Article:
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Liver disease in dogs can be caused by a number of diseases, disorders, and toxins. Early stages of liver disease may not be obvious, however as the liver begins to fail the symptoms become more conspicuous. One of the coenzymes that the liver produces is S-Adenosylmethionine, often shortened to SAMe, and it supports the function and structure of the liver itself. When the liver is unable to produce adequate quantities of SAMe to protect the liver, dietary supplements with this compound may be able to help repair the damage that has already occurred as well as prevent further harm.
S-Adenosylmethionine is a naturally occurring coenzyme produced by the liver to protect its structure and functioning. When the liver is damaged it is unable to generate enough SAMe and supplementation may become advantageous.
Signs of liver disease in dogs can include any of the following:
S-adenosylmethionine is not the only supplement that is available to help support liver health. Some other supplements that are helpful in supporting the liver function include:
Vitamin E - Vitamin E seems to be especially useful when dealing with problems due to obesity-related liver issues
Zinc - Zinc is an essential trace element required for cell growth and development and supplementation with this element can reverse the symptoms of zinc deficiency for those with liver damage
SAMe is an important, naturally occurring substance that is produced by the liver from the essential amino acid methionine. It is involved not only with the structure and function of the liver, but it is also involved in many other essential chemical reactions in the body. It is commonly used to both protect and heal a damaged liver and to relieve the symptoms of depression.
Several tests can be done to check the efficiency and overall health of the liver. These can include:
This can help to uncover disorders and deficiencies such as early Vitamin K deficiency, hemophilia, and other liver related diseases.
Complete blood count and serum biochemistry profile
These general tests will help the examining veterinarian to assess the circulating levels of liver enzymes such as alanine transaminase and aspartate transaminase as substantial increases in these enzymes can indicate that the liver is not functioning properly.
Serum bile acid concentration test
This test is done by taking a blood test after the dog has been fasting for 12 hours. Then the dog is fed a high fat diet and retested 2 hours later. Both of the samples are then tested for the levels of bile acids present. Elevated serum bile acid levels may suggest that significant liver disease is present.
The examining veterinarian will be looking for the presence of bilirubin or ammonium borate crystals in the urine.
A biopsy of liver tissues may also be required for a definitive diagnosis.
S-Adenosylmethionine is usually given as an oral tablet, although it is occasionally administered intravenously or as an injection. There are some important points to remember when giving your pet SAMe supplements.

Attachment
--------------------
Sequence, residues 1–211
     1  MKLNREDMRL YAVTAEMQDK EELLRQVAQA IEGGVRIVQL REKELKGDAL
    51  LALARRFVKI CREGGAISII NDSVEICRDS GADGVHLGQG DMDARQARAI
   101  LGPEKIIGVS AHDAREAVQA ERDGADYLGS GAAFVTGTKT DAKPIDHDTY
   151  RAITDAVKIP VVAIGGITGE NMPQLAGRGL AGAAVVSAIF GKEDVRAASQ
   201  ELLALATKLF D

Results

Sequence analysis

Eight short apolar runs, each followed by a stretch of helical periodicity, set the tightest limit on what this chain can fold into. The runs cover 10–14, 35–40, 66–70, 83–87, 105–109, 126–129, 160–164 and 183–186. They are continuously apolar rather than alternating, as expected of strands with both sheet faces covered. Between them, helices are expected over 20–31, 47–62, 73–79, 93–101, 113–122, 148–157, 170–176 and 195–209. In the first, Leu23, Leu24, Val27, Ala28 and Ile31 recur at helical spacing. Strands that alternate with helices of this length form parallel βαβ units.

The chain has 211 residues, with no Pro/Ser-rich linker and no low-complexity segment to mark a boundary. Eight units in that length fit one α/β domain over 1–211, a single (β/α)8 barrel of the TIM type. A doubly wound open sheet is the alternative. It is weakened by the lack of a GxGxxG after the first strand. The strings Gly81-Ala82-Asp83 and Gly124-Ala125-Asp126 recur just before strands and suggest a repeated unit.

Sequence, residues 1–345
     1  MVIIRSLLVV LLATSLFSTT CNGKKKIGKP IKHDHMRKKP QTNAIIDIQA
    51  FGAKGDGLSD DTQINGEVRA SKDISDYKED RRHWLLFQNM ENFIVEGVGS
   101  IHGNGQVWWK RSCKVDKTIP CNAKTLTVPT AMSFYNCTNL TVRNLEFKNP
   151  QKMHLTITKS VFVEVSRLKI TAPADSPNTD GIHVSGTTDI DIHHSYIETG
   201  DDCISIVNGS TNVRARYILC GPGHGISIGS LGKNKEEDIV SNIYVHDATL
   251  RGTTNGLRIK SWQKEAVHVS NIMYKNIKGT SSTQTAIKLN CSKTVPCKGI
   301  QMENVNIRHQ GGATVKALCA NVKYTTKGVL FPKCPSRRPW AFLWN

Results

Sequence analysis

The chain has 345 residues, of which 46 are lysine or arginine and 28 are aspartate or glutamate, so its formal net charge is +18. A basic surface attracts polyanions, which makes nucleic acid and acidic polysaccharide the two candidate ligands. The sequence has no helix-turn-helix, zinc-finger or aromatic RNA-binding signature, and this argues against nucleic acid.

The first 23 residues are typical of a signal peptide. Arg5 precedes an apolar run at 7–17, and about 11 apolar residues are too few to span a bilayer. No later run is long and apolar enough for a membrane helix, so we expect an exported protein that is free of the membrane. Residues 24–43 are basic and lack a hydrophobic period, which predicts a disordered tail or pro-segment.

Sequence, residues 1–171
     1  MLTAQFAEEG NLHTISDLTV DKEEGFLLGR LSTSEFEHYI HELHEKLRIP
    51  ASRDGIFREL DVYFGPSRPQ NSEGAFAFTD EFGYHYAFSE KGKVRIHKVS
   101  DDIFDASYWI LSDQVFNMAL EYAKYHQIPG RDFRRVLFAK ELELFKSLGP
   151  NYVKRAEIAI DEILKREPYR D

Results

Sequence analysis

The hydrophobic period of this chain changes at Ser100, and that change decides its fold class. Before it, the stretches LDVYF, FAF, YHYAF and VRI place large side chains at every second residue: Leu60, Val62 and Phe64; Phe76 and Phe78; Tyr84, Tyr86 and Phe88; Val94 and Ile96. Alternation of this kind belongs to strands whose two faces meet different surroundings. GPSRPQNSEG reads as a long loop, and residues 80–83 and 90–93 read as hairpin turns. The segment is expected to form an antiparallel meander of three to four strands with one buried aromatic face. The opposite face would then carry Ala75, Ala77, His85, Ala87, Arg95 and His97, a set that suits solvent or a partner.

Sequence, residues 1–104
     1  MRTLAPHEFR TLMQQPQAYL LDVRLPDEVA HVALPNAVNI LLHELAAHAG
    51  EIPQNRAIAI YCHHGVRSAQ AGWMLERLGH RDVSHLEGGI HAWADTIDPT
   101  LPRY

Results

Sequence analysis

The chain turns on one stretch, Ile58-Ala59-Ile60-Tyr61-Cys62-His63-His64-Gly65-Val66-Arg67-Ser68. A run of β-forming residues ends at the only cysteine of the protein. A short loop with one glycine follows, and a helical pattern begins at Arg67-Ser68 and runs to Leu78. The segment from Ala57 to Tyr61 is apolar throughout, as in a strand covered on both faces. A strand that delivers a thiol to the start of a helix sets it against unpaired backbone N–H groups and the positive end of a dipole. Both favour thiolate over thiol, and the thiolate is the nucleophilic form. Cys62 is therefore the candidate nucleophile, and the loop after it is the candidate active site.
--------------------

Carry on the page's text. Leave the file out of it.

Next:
Store the tablets out of reach at room temperature. They are susceptible to high moisture levels and should be kept in a dry area of the home. Do not give with food as the digestion of the food will interfere with the absorption of the S-Adenosylmethionine into the bloodstream, reducing its effectiveness.
Use the veterinary form of SAMe as human varieties may not have the same form of SAMe and over-the-counter varieties may have poor quality control or ingredients that are not pet-safe. Do not break the tablets unless specifically directed to by a veterinary professional as this can compromise the coating on the pill that is designed to keep the medication from dissolving too quickly. Some animals have difficulty swallowing this medication, and small amounts of water or milk may help prevent irritation to the throat and esophagus.
Because SAMe interacts with so many vital chemicals in the body, supplementation may have some minor risks as well as a few interactions with a few other kinds of medication. SAMe interactions have been noted with antidepressant medications, particularly MAOI medications as well as with supplements used to boost mood, like St. John’s Wort. It may also interact with some types of pain medication, certain cough remedies, and diabetes medications. It is imperative to discuss any sort of medicines or supplements with your veterinarian before administering them to your animal.
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1 found helpful
My 14 yr old terrier has elevated liver enzymes Alt 382 u/l.!Alkp 291. AST 30 u/l last year his Alt was 79. ALKP 54. He was given Nexgard, n . Never had this before. Had a flea from dog park. Will Sam e help? Or anything with #'s like those? He looks healthy n hungry often, has tape worms, treating with coconut
Nov. 5, 2017
Liver support is important and SAMe and silybin (they are combined in use in Denamarin) can help with that along with keeping good hydration; Nexgard shouldn’t be used again and an alternative medication (like a spot on preparation) should be used in the future which has a different mechanism of action; you should also get a more effective treatment for the tapeworms than coconut oil. Regards Dr Callum Turner DVM
Nov. 5, 2017
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